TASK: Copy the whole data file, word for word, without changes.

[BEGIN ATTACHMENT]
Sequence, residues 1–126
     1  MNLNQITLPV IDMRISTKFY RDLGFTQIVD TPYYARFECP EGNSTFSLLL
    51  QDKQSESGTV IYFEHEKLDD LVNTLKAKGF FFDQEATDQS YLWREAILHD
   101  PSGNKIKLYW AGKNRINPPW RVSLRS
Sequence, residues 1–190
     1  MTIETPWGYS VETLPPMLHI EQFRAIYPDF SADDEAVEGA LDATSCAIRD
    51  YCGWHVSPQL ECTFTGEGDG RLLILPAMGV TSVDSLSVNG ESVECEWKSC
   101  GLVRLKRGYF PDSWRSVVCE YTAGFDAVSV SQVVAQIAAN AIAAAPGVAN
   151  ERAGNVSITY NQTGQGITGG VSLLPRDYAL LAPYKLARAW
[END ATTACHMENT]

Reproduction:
Sequence, residues 1–126
     1  MNLNQITLPV IDMRISTKFY RDLGFTQIVD TPYYARFECP EGNSTFSLLL
    51  QDKQSESGTV IYFEHEKLDD LVNTLKAKGF FFDQEATDQS YLWREAILHD
   101  PSGNKIKLYW AGKNRINPPW RVSLRS
Sequence, residues 1–190
     1  MTIETPWGYS VETLPPMLHI EQFRAIYPDF SADDEAVEGA LDATSCAIRD
    51  YCGWHVSPQL ECTFTGEGDG RLLILPAMGV TSVDSLSVNG ESVECEWKSC
   101  GLVRLKRGYF PDSWRSVVCE YTAGFDAVSV SQVVAQIAAN AIAAAPGVAN
   151  ERAGNVSITY NQTGQGITGG VSLLPRDYAL LAPYKLARAW